One of the final efforts of the editorial board was to create The Paper Tiger Press to address the paucities and shortcomings of printing opportunities in Atlantic Canada. Local publishers enthusiastically supported the need for a specialized and properly equipped printing plant. The Paper Tiger Press was to be dedicated solely to printing books and periodicals, including The Mysterious East and other cultural documents.
However, like The Rubber Duck College of Journalism and Communications, The Paper Tiger Press was never realized. The reasons were personal, most stemming from the different priorities in the lives of the editors. Cameron’s relocation to Nova Scotia to focus his career on journalism and Hunt and Campbell’s focus on K.C. Irving: The Art of the Industrialist contributed to the abandonment of these projects—and of The Mysterious East.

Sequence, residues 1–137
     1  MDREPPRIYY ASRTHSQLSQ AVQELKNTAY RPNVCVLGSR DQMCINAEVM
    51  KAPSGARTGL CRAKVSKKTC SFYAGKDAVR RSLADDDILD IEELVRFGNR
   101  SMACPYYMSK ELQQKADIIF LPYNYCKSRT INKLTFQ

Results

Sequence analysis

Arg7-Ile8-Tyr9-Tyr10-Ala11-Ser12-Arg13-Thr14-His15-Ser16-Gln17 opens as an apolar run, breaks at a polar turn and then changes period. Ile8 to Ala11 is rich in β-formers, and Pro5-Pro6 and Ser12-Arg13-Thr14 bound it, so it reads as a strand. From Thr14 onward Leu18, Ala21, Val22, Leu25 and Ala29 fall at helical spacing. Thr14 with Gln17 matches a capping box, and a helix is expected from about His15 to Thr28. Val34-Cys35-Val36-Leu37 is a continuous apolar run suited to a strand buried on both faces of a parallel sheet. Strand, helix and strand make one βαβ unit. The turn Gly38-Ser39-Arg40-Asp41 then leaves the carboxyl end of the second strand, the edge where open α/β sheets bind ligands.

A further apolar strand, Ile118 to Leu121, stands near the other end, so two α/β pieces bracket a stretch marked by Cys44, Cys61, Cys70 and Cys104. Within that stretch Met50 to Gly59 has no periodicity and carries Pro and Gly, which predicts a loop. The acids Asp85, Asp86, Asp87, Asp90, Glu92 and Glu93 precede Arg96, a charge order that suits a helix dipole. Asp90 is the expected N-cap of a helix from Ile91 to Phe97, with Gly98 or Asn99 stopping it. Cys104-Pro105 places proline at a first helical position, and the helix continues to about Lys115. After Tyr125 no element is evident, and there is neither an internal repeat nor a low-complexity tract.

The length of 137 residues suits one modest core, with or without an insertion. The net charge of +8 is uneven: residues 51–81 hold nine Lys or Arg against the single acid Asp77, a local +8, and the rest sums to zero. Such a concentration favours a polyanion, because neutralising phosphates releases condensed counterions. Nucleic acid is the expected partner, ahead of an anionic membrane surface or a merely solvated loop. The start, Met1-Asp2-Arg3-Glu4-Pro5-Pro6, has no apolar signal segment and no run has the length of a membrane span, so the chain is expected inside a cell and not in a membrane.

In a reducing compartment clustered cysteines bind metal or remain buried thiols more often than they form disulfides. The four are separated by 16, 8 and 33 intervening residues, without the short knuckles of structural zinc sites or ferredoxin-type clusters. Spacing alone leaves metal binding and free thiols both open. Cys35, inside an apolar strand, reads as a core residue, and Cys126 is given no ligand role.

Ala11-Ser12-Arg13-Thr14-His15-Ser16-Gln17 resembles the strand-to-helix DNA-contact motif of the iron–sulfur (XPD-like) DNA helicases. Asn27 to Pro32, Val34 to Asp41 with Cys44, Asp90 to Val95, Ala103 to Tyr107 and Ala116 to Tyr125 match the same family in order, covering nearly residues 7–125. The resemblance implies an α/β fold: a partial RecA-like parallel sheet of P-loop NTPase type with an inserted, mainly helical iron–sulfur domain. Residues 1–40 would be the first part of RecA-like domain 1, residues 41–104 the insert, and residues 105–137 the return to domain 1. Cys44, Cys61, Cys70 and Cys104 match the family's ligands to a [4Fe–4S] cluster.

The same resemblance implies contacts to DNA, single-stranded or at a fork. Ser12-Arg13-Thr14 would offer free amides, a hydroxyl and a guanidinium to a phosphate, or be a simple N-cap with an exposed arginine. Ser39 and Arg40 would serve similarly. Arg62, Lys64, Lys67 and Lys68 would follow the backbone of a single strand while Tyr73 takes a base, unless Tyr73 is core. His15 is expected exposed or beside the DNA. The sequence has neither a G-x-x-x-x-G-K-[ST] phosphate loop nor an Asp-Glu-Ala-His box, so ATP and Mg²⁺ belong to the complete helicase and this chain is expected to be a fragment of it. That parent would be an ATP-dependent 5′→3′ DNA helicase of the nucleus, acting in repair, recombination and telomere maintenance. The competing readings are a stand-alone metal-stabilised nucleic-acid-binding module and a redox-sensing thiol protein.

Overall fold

The Mysterious East project ended in late 1972, taking with it a good deal of literary and cultural energy that, for a time, fired the imaginations of New Brunswickers.
Bibliography of Primary Sources
Hunt, Russell. Personal interview. October 2008.
The Mysterious East fonds. Archives and Special Collections, University of New Brunswick Libraries, Fredericton, NB. MG L19. <http://www.lib.unb.ca/archives/finding/myst/myst.html>